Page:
Fig. 1 shows the basic idea of classification using SVMs in
II. M ODEL C ONSTRUCTION
2-D space. Labeled binary-class training data D =
{(xi , yi )}li=1 , where xi is a vector containing multiple Eye and driving data were collected in a simulator experi-
features, and yi is a class indicator with value either 1 or ment in which ten participants performed three driving tasks
1, are illustrated as circles and dots in Fig. 1, respectively. while interacting with an IVIS. Raw eye data were classified
342 IEEE TRANSACTIONS ON INTELLIGENT TRANSPORTATION SYSTEMS, VOL. 8, NO. 2, JUNE 2007

into fixation, saccade, and smooth pursuit eye movements, TABLE I


CHARACTERISTICS OF FIXATIONS, SACCADES, AND SMOOTH PURSUITS
and measures of the eye movements were calculated. Three
driving performance measuressteering wheel angle, lane
position, and steering error transformed from steering wheel
angle [28]were also obtained. SVM models were trained for
each participant with different values for three characteristics,
including different definitions of the model outputs (distraction
definition), different combinations of input variables (feature ticker was composed of three-letter stock symbols (e.g., BYS,
combination), and different summarizing parameters for inputs NUD, VBZ, etc.) each followed by its value (a whole number
(window size with overlap between windows). The resulting from 1 to 25). The participants were instructed to keep track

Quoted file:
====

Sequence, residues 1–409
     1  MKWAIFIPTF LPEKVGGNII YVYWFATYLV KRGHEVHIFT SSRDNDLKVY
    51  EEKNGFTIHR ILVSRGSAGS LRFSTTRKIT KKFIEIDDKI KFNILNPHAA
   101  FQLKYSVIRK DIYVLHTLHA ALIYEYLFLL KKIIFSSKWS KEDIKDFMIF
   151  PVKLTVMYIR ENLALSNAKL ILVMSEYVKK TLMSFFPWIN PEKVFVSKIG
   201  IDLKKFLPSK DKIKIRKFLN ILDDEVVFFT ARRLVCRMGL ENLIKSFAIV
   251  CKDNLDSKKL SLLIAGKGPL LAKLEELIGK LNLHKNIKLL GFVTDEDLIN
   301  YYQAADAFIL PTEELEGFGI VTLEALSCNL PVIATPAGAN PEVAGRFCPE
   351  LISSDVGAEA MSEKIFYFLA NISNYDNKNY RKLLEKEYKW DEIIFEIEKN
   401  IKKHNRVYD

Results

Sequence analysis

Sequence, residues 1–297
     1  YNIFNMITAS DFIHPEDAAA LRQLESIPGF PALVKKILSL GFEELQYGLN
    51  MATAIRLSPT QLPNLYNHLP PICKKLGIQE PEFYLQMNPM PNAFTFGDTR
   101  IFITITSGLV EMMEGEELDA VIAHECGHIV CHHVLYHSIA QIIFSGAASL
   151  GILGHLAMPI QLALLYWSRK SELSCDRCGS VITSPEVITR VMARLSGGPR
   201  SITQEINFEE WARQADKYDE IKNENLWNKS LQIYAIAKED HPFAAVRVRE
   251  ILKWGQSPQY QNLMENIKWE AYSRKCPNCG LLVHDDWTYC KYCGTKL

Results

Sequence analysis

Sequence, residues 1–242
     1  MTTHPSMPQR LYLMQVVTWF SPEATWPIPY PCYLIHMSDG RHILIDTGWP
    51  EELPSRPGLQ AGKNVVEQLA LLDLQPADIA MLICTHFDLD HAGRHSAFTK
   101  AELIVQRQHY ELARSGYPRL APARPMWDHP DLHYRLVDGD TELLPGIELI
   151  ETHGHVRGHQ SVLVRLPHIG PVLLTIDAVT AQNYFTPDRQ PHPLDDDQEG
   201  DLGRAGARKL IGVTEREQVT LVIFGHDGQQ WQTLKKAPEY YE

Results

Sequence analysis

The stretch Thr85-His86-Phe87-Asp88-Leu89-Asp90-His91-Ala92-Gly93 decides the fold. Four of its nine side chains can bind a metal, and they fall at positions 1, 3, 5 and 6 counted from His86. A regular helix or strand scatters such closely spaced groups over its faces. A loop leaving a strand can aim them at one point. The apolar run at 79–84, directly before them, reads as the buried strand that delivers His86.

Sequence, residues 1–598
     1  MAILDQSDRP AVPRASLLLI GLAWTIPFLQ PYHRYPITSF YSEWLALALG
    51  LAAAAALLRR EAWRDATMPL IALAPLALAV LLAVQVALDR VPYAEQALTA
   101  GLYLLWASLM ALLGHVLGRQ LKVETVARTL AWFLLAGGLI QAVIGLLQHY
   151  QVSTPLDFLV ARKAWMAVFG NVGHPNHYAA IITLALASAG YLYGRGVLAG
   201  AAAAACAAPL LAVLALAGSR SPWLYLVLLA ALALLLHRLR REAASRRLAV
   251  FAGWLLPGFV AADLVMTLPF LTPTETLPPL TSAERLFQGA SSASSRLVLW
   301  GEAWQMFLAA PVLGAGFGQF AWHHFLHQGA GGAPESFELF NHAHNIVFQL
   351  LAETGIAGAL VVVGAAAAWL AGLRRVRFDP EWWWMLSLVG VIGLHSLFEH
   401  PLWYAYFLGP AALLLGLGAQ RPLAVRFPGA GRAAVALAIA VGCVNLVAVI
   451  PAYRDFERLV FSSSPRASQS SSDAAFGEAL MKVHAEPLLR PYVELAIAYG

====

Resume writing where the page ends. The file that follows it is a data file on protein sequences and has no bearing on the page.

models generated binary predications of the state of distraction of the values of the first two stocks (i.e., the target stocks)
(i.e., distracted or not distracted). Testing accuracy, model sen- presented during each interaction. Each time the drivers heard
sitivity, and response bias were used to measure and compare one of the target stock symbols, they determined whether the
model performance. value of that stock had increased or decreased since the last
time they had heard it and pressed the corresponding button on
the steering wheel. At the end of the interaction with the IVIS,
A. Data Source
drivers identified the overall trend of the target stocks from
1) Participants: Ten drivers (six male and four female) with four choices: hill, valley, upward, and downward. Each IVIS
normal or corrected to normal vision participated in this exper- drive included four interactions with the stock ticker, whose
iment. They were between the ages of 35 and 55 (mean = 45, lengths were 1, 2, 3, and 4 min. The order of interactions was
sd = 6.6), possessed a valid U.S. drivers license, had at least counterbalanced for the four IVIS drives using a Latin square,
19 years of driving experience (mean = 30), and drove at least and a 1-min interval separated consecutive interactions.
five times a week. Participants were compensated $15/h and 4) Eye Movement Measures: Eye movement data were col-
could earn a bonus (up to $10) based on their performance of lected at 60 Hz using a Seeing Machines faceLab eye tracking
the secondary task. system (version 4.1). The eye tracking system uses two small
2) Driving Task: The experiment took place in a fixed- video cameras, located on the dashboard on either side of the
based medium-fidelity driving simulator. The driving scene was steering wheel, to track head and eye movements. The images
displayed at 768 1024 resolution on a rear-projection screen captured by the cameras are analyzed by the faceLab software
located approximately 2 m in front of the drivers, producing to calculate, among other measures, horizontal and vertical
approximately 50 of visual field. The simulator collected data coordinates for a gaze vector that intersects the simulator
at 60 Hz. screen. Initial calibration of the eye tracker for each participant
Participants drove along a straight suburban street with two took 5 to 15 min, and the calibration of the gaze vector with
lanes in each direction. The subject vehicle (SV; vehicle driven the simulator screen was verified immediately before each